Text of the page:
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Old 08-05-2009, 03:50 PM
 
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The L.A. Times said that we're headed for RE Bust #3. Not sure what happened to #2, but hey, if it's in the Times...
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Old 08-05-2009, 04:13 PM
 
Location: San Jose, CA
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LA Times must be couting the LA housing bust of 1990, prices dropped almost 30% then according to the articles I read, prices passed their 1990 peak in 2000.

The current housing bust is the same one that started in late '06, the reason foreclosure numbers aren't going down eventhough the bulk of subprime loans already reset is that banks and the government have been doing a lot to delay these foreclosures, at the same time the Option ARMs are recasting, we will have foreclosures for a while.
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Old 08-05-2009, 07:11 PM
 
268 posts, read 741,278 times
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Quote:
Originally Posted by cardinal2007 View Post
LA Times must be couting the LA housing bust of 1990, prices dropped almost 30% then according to the articles I read, prices passed their 1990 peak in 2000.

The current housing bust is the same one that started in late '06, the reason foreclosure numbers aren't going down eventhough the bulk of subprime loans already reset is that banks and the government have been doing a lot to delay these foreclosures, at the same time the Option ARMs are recasting, we will have foreclosures for a while.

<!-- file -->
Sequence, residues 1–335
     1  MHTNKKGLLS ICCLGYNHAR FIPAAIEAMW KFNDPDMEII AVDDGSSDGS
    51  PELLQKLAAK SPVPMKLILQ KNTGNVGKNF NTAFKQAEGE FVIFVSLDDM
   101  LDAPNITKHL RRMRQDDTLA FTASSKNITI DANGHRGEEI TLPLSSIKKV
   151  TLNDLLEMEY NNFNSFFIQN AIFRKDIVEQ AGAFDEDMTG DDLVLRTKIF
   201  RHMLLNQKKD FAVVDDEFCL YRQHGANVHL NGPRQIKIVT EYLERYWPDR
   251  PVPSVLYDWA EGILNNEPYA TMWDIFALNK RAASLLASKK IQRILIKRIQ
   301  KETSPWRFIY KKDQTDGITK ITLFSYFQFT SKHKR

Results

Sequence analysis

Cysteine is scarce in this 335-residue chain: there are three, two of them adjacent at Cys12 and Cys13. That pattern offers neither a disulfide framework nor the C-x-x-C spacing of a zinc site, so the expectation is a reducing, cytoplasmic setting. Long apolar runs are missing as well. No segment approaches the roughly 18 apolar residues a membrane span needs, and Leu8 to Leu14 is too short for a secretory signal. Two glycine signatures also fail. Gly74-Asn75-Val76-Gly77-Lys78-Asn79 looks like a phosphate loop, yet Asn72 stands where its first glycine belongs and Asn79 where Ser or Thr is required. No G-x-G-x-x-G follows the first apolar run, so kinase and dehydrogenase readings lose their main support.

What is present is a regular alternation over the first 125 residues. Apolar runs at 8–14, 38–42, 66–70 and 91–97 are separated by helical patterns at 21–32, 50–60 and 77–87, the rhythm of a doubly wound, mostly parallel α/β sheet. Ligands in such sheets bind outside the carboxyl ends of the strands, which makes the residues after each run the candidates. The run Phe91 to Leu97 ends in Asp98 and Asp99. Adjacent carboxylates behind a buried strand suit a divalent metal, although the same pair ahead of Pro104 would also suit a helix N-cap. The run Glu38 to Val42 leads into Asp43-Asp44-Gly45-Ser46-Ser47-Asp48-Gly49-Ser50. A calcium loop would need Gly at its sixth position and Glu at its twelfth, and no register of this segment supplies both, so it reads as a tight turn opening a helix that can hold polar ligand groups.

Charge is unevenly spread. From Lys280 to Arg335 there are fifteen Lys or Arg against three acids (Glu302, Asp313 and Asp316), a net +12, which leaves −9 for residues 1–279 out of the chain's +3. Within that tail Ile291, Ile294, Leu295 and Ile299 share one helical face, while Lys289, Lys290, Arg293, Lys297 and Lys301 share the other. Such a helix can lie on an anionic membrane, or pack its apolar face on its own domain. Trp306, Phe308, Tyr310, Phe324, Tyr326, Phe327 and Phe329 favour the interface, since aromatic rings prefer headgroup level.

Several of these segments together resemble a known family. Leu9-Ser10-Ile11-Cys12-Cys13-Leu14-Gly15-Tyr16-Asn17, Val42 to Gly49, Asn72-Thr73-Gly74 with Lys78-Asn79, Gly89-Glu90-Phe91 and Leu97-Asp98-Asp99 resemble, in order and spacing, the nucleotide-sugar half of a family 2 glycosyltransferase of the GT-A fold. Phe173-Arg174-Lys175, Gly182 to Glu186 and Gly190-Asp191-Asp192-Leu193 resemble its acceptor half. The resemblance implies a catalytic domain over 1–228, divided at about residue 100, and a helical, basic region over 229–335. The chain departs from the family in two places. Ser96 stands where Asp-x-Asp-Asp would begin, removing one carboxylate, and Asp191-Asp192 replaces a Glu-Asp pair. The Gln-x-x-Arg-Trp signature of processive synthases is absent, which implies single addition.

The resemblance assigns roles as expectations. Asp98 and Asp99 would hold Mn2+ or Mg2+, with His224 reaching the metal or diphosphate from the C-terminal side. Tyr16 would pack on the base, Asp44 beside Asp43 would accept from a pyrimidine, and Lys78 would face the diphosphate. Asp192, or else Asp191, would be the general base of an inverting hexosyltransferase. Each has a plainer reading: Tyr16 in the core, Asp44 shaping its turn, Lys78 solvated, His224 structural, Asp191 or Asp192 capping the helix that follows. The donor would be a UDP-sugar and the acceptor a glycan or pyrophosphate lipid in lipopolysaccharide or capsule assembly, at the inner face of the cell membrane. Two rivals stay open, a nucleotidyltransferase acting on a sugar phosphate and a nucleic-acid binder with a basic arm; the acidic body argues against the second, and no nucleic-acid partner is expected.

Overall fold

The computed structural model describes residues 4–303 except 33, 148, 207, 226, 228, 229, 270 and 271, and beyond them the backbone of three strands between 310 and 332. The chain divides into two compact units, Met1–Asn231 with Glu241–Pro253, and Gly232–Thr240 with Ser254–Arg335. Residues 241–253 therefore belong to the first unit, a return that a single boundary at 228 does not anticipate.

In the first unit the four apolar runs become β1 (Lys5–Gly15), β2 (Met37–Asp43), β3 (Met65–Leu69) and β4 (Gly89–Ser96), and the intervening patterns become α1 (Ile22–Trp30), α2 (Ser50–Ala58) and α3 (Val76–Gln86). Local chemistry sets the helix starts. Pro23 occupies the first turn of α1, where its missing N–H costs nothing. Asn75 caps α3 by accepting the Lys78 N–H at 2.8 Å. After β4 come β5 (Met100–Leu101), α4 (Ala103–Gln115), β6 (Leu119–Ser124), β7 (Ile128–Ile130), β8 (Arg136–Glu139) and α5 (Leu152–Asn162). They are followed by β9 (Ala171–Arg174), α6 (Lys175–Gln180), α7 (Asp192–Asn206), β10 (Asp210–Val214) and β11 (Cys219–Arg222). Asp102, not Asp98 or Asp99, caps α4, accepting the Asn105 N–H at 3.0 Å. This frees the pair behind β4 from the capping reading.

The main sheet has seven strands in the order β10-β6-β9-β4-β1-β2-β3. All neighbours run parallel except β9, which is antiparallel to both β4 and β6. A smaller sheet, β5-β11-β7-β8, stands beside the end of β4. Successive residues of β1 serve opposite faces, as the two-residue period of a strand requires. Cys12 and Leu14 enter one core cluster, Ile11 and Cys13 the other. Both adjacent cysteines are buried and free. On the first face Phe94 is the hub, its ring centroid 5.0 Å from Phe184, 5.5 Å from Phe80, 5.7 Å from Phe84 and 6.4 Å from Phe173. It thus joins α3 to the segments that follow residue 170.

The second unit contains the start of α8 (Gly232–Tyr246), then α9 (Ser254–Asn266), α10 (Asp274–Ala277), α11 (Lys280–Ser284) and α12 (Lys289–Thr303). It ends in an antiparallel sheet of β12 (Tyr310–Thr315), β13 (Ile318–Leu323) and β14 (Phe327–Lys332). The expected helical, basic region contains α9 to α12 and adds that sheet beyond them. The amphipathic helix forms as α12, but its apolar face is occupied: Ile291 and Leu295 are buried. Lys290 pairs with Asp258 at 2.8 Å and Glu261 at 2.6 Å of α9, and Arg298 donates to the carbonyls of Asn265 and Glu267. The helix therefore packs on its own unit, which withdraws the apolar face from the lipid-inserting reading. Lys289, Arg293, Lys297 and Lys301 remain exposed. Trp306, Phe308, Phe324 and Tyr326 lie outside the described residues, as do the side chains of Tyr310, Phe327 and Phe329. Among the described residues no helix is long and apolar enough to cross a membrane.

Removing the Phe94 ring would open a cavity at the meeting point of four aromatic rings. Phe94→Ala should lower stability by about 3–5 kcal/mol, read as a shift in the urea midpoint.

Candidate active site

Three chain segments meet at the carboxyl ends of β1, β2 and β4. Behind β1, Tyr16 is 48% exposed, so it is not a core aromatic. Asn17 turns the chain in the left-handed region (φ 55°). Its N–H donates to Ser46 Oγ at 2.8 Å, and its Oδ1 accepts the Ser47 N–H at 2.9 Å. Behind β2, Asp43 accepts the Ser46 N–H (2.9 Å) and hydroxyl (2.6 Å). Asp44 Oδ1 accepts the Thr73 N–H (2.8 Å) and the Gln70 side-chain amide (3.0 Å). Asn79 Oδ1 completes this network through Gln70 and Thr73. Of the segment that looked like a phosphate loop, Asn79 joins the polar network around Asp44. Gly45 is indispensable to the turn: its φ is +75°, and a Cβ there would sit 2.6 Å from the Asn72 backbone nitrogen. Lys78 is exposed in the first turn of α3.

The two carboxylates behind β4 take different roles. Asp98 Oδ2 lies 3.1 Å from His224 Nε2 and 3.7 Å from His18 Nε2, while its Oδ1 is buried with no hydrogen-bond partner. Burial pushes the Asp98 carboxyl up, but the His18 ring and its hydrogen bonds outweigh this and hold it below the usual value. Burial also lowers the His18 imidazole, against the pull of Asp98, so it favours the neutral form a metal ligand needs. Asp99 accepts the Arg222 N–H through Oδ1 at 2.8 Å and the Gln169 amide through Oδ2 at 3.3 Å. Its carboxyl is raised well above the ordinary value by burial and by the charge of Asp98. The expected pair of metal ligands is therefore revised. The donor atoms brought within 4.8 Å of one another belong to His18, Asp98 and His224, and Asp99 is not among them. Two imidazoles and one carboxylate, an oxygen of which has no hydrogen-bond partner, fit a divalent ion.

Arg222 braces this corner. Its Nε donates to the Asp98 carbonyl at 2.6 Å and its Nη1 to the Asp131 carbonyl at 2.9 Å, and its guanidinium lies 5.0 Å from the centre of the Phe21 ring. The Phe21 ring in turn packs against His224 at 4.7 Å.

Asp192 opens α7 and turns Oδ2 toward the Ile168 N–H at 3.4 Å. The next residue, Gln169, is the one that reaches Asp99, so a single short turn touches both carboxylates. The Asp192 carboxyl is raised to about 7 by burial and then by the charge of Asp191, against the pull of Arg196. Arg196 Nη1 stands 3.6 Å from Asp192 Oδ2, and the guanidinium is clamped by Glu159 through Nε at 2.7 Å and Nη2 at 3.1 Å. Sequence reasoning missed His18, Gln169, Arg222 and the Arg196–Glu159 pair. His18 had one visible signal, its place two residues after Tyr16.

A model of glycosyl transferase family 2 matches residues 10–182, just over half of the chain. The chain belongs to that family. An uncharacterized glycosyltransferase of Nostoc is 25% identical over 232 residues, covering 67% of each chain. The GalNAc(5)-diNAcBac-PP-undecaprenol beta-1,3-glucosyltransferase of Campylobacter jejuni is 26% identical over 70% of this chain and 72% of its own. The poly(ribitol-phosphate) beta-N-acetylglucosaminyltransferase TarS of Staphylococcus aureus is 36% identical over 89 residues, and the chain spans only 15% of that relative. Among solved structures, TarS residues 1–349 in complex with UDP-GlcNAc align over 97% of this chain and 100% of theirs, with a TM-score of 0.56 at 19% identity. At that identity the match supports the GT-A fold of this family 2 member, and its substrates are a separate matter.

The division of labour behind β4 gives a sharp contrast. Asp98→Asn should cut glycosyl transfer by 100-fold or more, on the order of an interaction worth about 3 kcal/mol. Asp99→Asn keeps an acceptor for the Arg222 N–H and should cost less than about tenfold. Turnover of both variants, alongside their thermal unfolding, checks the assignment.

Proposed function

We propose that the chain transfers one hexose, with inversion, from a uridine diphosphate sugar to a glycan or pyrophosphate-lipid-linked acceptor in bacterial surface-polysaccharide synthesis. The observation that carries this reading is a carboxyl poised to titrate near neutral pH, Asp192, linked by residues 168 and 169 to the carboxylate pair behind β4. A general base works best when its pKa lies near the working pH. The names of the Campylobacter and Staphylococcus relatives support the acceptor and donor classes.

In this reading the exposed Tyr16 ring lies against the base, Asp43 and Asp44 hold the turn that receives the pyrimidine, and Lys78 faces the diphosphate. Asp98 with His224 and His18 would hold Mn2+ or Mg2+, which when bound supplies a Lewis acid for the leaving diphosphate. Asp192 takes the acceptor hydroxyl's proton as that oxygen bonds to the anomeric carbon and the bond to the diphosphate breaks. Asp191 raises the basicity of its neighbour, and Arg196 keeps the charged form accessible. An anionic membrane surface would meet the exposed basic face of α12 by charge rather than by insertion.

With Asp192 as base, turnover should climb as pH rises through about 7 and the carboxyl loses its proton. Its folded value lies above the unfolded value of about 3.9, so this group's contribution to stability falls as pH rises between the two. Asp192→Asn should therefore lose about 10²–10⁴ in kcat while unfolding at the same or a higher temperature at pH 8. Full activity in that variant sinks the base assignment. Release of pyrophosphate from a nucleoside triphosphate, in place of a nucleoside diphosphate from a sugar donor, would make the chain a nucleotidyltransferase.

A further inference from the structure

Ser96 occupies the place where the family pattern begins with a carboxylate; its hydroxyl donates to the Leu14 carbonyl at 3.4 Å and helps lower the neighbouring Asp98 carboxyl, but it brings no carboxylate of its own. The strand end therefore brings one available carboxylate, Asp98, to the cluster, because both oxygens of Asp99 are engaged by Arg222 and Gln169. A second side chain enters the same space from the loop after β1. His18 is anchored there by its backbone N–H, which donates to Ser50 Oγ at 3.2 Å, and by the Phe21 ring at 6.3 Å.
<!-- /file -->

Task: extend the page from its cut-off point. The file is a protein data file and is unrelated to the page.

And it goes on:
The owners of properties still live in some dream land because they haven't priced their real estate to the true value of the market. Capitulation hasn't occurred yet so prices will still be above the median household wage afford ability. The median price for a single detached home should equal two years household wages of the area it's located in. Anything higher is like a house of cards. Unsustainable.
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Old 08-05-2009, 07:42 PM
 
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Quote:
Originally Posted by cardinal2007 View Post
LA Times must be couting the LA housing bust of 1990, prices dropped almost 30% then according to the articles I read, prices passed their 1990 peak in 2000.

The current housing bust is the same one that started in late '06, the reason foreclosure numbers aren't going down eventhough the bulk of subprime loans already reset is that banks and the government have been doing a lot to delay these foreclosures, at the same time the Option ARMs are recasting, we will have foreclosures for a while.
I think they were referring to subprime... then option ARMs (which generally reset in 1-2 years)... and now ALT-As, which reset after 3-7 years. The easy money ALT-As are just now hitting and will continue resetting through 2012-2013. If you figure that real estate has historically trended in seven-year cycles and the current bust started in late 2005 or 2006, that should be just about right. But who knows?
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Old 08-05-2009, 08:38 PM
 
Location: San Jose, CA
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I did a lot of research on Option ARMs, Wachovia (Golden West), now Wells-Fargo loans have a 125% recast rule, and reset in 5 years. Depending on the interest rate and the specific terms the loans are just recasting, or might recast next year or so, or are just resetting. The recast rules on those loans are the most generous, most others were 110%- 115% recast.

The terms on Wachovia loans worked like this. Say in 2005 someone wants to buy a house for $500k, they have good credit, and 20% down payment from a second, or a sale of a previous house. Wachovia comes in and gives them $400k, sets the interest rate at 6% and sets the payments to be one of 4 choices, 1. Minimum payment, pay as if the loan where set at 1% interest 30yr ($1286.56/mo). 2. Pay as if interest only loan ($2000/mo), 3. Pay as if it were a 30yr fixed 6% loan, ($2398.20/mo). 4. Pay as if it were a 15yr fixed 6% loan ($3375.43).